Reporters share stories, myths of hurricane coverage
Posted September 2, 2011 8:16 a.m. EDT
Updated July 13, 2018 2:13 p.m. EDT
I recently posted some photos of WRAL's crew covering Hurricane Irene. Now, three of our reporters have agreed to share their amazing behind-the-scenes stories and hurricane coverage myths with you – both the good and the bad. Enjoy!
"The Myths of Hurricane Coverage"
1) Reporters enjoy being out in the elements ...
Being waterlogged, windblown and sandblasted is never fun. The older you get, the more these elements affect you negatively.
2) The WRAL rain gear is waterproof ...
It is not. The trick is layering something that IS waterproof beneath the jacket. I've learned the hard way.
3) Not having power is no big deal for die-hard reporters who cover hurricanes ...
Not having power is a big deal for EVERYONE. You realize that hot showers, hot food, clean laundry and communication with the outside world (television, computers, cellphones) are not overrated when you don't have them.
4) There's always plenty to report on after a storm has passed ...
If you are in an area where there is little or no damage, this is not the case, especially when you are faced with doing 14 live shots. This is when your gift of gab and your ability to tap dance on live television comes in handy. It also helps when lots of people are walking around that you can interview.
5) Like childbirth, you forget the pain when someone asks you to cover the next storm ...
You don't forget, but you do it anyway. Go figure.
We are determined to get news on the air. On Monday, WRAL photographer Greg Clark and I returned for a second day to Rodanthe on Hatteras Island. Highway 12 was blocked from the north because of breaches in the island, so we hired Captain Bruce Erickson to take us across the Pamlico Sound on a skiff. Once on the island, we begged local residents for rides around to chronicle the damage. I’m always impressed by the kindness of people in the middle of crisis.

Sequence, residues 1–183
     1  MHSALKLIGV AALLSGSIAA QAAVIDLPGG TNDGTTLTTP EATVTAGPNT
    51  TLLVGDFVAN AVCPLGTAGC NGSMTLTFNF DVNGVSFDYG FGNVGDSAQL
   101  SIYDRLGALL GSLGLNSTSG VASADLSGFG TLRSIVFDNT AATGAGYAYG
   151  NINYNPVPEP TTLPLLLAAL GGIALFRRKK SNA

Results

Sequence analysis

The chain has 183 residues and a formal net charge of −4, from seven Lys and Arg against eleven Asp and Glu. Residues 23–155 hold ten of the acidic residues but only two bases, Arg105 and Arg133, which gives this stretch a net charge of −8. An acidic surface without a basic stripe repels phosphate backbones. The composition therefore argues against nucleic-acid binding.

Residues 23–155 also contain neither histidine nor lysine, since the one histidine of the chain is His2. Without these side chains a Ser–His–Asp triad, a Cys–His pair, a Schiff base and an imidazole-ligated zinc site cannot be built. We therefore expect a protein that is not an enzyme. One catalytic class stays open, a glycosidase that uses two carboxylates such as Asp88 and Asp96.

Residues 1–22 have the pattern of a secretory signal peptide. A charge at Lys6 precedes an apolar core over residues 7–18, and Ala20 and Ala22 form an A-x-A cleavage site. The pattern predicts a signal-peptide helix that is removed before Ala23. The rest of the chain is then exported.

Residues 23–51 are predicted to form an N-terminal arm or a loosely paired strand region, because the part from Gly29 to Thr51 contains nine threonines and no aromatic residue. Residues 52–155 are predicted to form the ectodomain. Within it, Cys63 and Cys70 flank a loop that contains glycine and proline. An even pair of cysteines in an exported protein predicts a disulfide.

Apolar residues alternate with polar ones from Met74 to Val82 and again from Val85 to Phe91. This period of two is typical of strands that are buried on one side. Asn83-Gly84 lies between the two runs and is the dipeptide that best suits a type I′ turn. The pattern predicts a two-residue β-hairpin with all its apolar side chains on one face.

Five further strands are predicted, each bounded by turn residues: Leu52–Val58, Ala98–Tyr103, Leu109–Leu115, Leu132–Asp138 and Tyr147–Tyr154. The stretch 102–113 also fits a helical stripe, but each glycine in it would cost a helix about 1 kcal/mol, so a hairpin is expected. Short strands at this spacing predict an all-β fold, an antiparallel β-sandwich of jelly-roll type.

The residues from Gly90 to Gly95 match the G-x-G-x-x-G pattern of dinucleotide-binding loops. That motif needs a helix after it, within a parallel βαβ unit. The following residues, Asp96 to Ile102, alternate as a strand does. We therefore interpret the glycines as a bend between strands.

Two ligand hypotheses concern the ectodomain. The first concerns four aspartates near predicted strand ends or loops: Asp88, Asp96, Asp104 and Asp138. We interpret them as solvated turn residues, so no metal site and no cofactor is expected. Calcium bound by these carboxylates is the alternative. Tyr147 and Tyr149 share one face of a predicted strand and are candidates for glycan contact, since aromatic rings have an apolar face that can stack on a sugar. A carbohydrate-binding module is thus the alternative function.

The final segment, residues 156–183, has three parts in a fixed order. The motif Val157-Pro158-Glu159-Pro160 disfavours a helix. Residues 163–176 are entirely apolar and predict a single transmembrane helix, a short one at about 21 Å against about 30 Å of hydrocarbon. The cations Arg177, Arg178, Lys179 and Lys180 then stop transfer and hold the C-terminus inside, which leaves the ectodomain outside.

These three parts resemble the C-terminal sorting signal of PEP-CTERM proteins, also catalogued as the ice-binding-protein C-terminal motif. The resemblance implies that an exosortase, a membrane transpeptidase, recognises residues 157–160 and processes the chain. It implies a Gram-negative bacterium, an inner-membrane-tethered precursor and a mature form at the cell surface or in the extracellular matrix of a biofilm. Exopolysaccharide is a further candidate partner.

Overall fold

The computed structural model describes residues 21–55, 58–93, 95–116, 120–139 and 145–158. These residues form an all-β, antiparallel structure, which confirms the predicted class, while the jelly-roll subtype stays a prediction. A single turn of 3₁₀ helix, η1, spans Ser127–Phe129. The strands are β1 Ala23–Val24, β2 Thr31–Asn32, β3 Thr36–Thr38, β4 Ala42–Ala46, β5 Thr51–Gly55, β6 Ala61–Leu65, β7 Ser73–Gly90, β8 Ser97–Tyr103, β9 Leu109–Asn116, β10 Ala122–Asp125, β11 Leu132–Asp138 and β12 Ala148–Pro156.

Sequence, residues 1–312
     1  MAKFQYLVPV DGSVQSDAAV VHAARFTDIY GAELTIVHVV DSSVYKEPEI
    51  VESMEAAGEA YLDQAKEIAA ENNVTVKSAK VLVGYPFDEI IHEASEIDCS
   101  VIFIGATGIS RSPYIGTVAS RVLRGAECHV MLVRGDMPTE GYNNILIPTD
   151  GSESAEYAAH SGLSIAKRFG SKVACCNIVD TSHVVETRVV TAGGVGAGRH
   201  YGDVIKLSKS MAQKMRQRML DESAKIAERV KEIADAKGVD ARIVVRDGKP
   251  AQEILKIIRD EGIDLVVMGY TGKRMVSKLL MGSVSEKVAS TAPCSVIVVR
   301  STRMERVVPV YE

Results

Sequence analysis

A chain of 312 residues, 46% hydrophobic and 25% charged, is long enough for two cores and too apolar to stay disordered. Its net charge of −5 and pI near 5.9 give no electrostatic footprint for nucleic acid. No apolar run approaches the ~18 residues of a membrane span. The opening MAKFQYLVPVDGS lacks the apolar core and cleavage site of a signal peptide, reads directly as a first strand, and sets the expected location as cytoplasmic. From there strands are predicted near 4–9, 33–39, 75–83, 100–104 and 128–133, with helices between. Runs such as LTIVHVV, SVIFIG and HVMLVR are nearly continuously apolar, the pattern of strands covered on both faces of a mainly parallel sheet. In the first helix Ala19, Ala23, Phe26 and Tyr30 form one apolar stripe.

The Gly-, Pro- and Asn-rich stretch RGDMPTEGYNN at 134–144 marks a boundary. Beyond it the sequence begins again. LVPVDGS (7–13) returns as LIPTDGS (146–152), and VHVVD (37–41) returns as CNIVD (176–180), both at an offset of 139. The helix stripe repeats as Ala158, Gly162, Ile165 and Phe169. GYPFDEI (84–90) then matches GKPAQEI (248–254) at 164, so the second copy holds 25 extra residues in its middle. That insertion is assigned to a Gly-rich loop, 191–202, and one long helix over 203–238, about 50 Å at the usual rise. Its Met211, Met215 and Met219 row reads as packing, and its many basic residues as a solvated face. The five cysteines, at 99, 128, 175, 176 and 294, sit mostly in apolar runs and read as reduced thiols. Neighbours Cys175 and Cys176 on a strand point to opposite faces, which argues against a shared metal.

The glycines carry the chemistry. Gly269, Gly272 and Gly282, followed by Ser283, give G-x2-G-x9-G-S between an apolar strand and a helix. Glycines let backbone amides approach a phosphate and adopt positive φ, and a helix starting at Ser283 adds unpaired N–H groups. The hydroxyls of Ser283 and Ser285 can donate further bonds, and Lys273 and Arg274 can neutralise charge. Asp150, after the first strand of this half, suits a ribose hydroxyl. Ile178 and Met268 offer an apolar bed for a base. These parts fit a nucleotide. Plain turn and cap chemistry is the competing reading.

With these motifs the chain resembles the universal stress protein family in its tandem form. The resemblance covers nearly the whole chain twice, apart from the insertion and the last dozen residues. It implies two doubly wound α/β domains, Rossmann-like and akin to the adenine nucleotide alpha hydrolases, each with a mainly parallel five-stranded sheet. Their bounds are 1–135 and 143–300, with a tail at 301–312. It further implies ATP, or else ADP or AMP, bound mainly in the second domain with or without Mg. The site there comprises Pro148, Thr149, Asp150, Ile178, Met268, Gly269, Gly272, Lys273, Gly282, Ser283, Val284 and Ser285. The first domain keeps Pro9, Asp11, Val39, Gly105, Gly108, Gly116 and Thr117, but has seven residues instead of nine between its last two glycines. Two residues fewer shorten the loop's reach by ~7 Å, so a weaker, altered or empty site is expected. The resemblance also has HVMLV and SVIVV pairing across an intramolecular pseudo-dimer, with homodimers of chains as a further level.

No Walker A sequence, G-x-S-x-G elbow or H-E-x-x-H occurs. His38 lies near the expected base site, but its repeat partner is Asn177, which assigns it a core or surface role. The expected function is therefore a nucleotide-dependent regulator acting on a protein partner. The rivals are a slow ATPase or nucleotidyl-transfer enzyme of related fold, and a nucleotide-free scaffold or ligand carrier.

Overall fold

We then headed back to file stories and report live for the 5 and 6 p.m. shows. The sound was very smooth that day, but about a mile from Hatteras, we had a problem. Hydraulic fluid started spewing out of the outboard engine. A fitting blew out. The steering was shot. There was no way to guide the boat. A passing boat offered to tow us back to Hatteras. If we did that, we’d miss our deadline to get back. We had to get back.
Then, Greg came up with the idea. What if we unbolted the engine from the power steering? Greg tied a rope to the base of the engine. I pulled from one side and Greg pulled from the other to steer the engine. Capt. Bruce handled the throttle and the navigation while Greg and I played tug of war with the engine. It was a wobbly and exhausting ride yanking that engine for more than an hour across the Pamlico, but it worked.
Once on land, we hustled back over to north of the Oregon Inlet to report live on the Hatteras damage we saw. Viewers never knew about our adventure to make air.
Some of my co-workers have really funny stories about their coverage of Irene (see Cullen Browder!) Photographer Pete James and I have certainly had some moments of our own. But, what's remarkable about this coverage isn't just the lengths our crews take to bring you the story.
I'm a Southern girl. I was raised by two parents who probably tried to make sure my first word was either "please" or "thank you." My brother and I had barely unwrapped a gift before our mom would hound us to write a thank you note. The community where I grew up in Georgia was so generous that you could count on a pound cake being delivered to your door at any hint of bad news. In short, I know Southern hospitality. However, what I've encountered on the Outer Banks is a whole new definition.
You see, I'm not sure how I would react if I'd lost my home, hadn't showered in days, and a reporter wanted to put me on TV. However, during all this coverage not one person has turned me down for an interview. Instead, the people of the Outer Banks opened what part of their homes they had left and shared their stories. One woman in Wanchese even invited me to stay in her home if I came back to cover future storms. That's just how generous and strong these people are. Without their help, Pete and I couldn't show you the storm's true impact.
I'd like to thank each person who trusted us to tell their story. Hopefully, my mom isn't reading this. She'd probably make me write a thank you note to every single person in the Outer Banks.